Communicating with patients about their medical bills doesn’t have to be a lesson in patience.
By AAPC Guest Contributor (Carol Ermis, CPC, COSC, AAPC Fellow)
“But my insurance says they’ll pay for it if you change the code!”
That’s probably not what the payer said, but it’s what the patient heard. Patients’ out-of-pocket expenses are at an all-time high, causing them to scrutinize their medical bills closer than ever. At the same time, medical insurances often provide minimal information in their explanation of benefits (EOB). As a result, patients may ask you for clarification about their statement.
For example, most patients understand their insurance covers a diagnostic visit to an orthopedic surgeon and that they must pay a specialist copay, but they won’t know the steroid injection administered during that visit to relieve their osteoarthritis pain is an outpatient procedure, which applies to their deductible.
Their EOB might refer to the injection as “outpatient surgery.” Unaware that CPT® codes (and their values) are unique for each situation, they are surprised by such additional charges.
While these everyday situations might warrant a coding review, in most cases they require a conversation with the patient about coding and insurance coverage. This is by no means an easy conversation! Here are four tips to help you talk to patients about their medical bills.
1. Identify the Patient’s Real Question
Misunderstandings often arise when a patient isn’t knowledgeable about their insurance plan. Take time to ask the patient basic questions about their insurance plan and coverage to determine how much they know. While a patient might question the coding, you might find the real source of their confusion lies with their insurance coverage. Establish the intention behind their question to eliminate a lot of unnecessary follow-up calls and questions.
2. Avoid Acronyms
When you’re immersed in medical records and code books, it’s easy to forget that not everyone knows the meaning of the acronyms our industry uses such as ICD-10, CPT®, HCPCS, E/M, and NCCI. Using these terms can frustrate and confuse a patient. Each of these terms has the power to result in an unexpected fee, so patients need to know what they really mean when you talk about them.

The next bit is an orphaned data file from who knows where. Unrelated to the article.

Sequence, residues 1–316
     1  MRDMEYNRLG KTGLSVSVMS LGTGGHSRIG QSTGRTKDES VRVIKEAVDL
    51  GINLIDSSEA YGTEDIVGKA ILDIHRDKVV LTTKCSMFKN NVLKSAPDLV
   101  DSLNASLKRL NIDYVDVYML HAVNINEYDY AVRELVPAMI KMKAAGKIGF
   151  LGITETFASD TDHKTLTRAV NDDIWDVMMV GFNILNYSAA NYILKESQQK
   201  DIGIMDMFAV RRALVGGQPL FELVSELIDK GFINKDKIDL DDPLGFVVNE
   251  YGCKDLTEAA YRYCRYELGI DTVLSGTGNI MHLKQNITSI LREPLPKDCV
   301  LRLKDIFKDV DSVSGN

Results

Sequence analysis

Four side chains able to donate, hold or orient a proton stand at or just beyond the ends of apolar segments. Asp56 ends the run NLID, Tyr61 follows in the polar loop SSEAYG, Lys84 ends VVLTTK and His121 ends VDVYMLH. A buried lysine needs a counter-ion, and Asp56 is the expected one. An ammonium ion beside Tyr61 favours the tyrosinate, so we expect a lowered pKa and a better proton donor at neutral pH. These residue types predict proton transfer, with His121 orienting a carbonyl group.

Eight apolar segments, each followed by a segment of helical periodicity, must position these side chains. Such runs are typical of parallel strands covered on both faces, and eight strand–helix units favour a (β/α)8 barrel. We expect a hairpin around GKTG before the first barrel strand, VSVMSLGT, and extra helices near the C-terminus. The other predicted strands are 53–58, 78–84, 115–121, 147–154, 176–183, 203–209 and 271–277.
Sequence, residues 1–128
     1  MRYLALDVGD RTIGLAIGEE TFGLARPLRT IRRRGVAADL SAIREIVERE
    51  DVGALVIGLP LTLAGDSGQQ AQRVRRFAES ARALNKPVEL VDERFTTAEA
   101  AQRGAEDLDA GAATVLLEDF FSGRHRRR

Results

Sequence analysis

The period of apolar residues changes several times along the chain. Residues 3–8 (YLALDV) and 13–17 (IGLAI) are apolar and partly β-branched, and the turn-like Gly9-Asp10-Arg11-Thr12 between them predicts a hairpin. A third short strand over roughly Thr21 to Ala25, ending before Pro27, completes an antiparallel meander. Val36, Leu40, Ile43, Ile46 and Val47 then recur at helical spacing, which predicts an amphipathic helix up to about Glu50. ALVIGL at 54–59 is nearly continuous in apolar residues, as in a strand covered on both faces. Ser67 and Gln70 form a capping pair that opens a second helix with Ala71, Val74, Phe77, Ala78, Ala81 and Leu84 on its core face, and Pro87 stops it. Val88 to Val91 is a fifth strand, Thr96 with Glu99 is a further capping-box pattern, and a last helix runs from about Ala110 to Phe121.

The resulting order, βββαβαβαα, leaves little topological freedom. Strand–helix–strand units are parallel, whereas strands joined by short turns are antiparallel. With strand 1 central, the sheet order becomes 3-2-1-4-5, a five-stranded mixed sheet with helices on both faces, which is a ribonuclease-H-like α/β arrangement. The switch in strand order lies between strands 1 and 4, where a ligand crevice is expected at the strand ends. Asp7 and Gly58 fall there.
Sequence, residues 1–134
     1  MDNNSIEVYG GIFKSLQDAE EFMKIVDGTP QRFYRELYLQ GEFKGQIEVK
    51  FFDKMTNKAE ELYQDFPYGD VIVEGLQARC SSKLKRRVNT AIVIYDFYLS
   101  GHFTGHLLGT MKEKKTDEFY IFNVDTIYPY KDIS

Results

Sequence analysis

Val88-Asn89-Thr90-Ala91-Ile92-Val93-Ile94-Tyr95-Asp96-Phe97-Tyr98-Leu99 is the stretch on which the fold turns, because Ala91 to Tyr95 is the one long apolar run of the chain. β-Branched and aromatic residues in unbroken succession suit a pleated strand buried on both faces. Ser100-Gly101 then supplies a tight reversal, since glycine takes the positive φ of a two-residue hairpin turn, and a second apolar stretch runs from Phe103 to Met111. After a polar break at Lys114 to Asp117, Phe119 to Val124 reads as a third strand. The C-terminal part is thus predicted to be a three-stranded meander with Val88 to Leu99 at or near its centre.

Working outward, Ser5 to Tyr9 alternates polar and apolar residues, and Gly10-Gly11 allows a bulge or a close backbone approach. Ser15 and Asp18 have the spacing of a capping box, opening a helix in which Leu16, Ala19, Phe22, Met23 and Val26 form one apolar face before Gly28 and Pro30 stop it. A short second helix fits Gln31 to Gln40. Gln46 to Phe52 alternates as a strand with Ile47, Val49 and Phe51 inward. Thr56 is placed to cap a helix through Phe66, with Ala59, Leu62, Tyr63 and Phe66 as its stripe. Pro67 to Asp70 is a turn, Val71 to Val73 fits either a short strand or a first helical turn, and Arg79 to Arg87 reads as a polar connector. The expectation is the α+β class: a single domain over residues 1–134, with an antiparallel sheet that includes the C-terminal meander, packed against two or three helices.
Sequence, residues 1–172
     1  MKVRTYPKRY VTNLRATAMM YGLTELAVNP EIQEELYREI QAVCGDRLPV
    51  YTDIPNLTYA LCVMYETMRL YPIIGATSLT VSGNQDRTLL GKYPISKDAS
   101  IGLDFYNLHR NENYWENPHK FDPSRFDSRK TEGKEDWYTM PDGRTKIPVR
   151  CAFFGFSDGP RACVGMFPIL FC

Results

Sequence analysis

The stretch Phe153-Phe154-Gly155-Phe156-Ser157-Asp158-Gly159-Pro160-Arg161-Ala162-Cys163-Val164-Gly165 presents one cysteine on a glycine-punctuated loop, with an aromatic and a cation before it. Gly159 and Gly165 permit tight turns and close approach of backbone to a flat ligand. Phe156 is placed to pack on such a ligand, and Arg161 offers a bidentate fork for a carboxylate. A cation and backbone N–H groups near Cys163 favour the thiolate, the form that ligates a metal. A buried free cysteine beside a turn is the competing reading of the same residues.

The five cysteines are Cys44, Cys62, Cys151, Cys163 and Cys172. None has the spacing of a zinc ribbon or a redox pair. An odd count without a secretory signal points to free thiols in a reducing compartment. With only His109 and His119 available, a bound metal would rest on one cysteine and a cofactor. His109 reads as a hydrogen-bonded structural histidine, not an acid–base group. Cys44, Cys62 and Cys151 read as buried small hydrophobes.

Help patients understand by using terms they know. For example, instead of “ICD-10 code,” say “your condition.” Instead of “E/M code,” say “your visit with your provider.”
3. Show Empathy
Show empathy to make the patient feel you are genuinely listening. Sometimes that alone will diffuse a tense conversation. Use phrases such as “I understand why this is frustrating for you,” or “Tell me what questions you have so I can help.” Assure the patient that your goal is to help. If a straightforward answer on your part can quickly address their concerns, give them specific information to resolve the problem.
If you don’t know the answer to their question, ask if you can call them back after you have reviewed their information. Tell them when you will call back and be sure to call them back at the designated time. This allows you to familiarize yourself with their records and consider what the patient has asked you. It also helps the patient feel you’re taking their question seriously.
4. Build Trust
Help the patient understand the “why” behind your explanations so they feel satisfied and confident that you’re giving them accurate information. A discussion about coding nearly always relates to money, which can trigger a myriad of emotions, and nearly always brings up the issue of trust. You must be able to speak with confidence, not just about the codes and how they were derived, but also the dollar amounts associated with each code and how their insurance responded. In the end, if the patient trusts you, they are much more likely to be satisfied.
The Bottom Line
A few years ago, handling a coding question from a patient was a rare occurrence. Today, it’s almost always part of our job. It takes compassion and respect to translate coding and billing to patients in a language they can easily understand and accept. If you can accomplish it, you will improve patient satisfaction and, as a bonus, improve your organization’s revenue goals.
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